Methods to Shrink Data File in SQL Server

Shrinking a Data file in SQL Server is considered the worst decision as it would lead to huge fragmentation, however most DBA’s supporting the Customers often run into situations where a lot of data was deleted from the data file leaving lot of free space inside the data file, but the Customer wants to get this free space as they do not prefer adding additional disk space or new disk for other databases running short of space.

Why is shrinking a Data file not good?
Because it causes huge fragmentation. Shrink of large data files take lot of time and causes heavy locking/blocking and the database is as good as “down” while Shrink operation is running on the data file. Transaction log file grows large during the Shrink operation.

As the management wants to go ahead and reclaim the free space from data file, below are some of the methods to release the free space from the data file.

– Shrink the data file during downtime.(You may choose the Shrnik the file at once to release the free space Or you may choose to incrementally perform Shrink, each time releasing certain amount of free space).
– Rebuild the indexes to reduce the fragmentation, which may increase the size of the data file again though.
– Update the Statistics with Full Scan

Method suggested in the below article, end result will change the physical structure of the database as we will end up with a new file group.
Move Indexes to New FileGroup
– Create a new filegroup
– Move all affected tables and indexes into the new filegroup using the CREATE INDEX … WITH (DROP_EXISTING = ON) ON syntax, to move the tables and remove fragmentation from them at the same time
– Drop the old filegroup that we were going to shrink anyway (or shrink it way down if it’s the primary filegroup)

method2 which involves moving the tables to another filegroup and is complex and Some issues which makes it complex are

– LOB data cannot be moved to another filegroup( If LOB data needs to be moved, then we need to create a new table in other filefroup, copy the data and then rename the table names and also special care needs to be taken care in moving the dependent objects like foreign key constraints, triggers, indexes, statistics)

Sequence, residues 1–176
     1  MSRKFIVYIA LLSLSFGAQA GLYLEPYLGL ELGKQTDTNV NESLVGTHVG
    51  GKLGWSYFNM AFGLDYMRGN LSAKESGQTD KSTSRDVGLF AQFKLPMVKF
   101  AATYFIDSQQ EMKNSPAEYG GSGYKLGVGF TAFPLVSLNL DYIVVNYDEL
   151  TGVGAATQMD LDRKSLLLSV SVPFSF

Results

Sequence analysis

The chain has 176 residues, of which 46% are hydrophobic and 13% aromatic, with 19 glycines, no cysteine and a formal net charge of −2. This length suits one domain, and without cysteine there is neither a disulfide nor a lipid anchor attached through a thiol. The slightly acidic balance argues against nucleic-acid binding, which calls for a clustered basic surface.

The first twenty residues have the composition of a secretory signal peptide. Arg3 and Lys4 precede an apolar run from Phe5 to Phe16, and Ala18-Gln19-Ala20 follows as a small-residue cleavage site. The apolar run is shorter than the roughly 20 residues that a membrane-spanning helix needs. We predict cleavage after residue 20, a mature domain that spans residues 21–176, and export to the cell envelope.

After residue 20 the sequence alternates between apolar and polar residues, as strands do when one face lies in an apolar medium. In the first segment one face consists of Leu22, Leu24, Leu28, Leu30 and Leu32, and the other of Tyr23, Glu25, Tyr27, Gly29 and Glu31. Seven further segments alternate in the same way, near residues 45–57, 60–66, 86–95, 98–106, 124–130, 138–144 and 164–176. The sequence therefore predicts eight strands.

– There will be many tables in the database and requirement is that all these tables need to have clustered index( If a table does not have clustered index, then we need to create one and then drop it later)

– This method uses CREATE INDEX … WITH (DROP_EXISTING = ON) which has to be done individually on all the tables. For each table it may take very long time and any human error can be costly

– It requires additional disk space as while the command is being run on the largest table, it will require more than twice the size of the table.

– Any unknown/unexpected issues.

Both the above methods require downtime window as we have to run the shrink to release the free space out of the file. Above methods needs to be tested on test server before implementing on production.

One of the case where I worked on Shrink of a data file using Method1 from 470 GB to 300 GB took about 7 hours to complete on a fairly fast server. After the Shrink operation we had to perform Rebuild Indexes and Update Statistics which took another 15 hours. So totally we had about 22 hours of significant performance degradation. We had to monitor the progress of the Shrink operation and reindexing and update states jobs during this time. Fortunately, there were no performance issues reported after the activity.

Happy Reading,
SQLServerF1 Team


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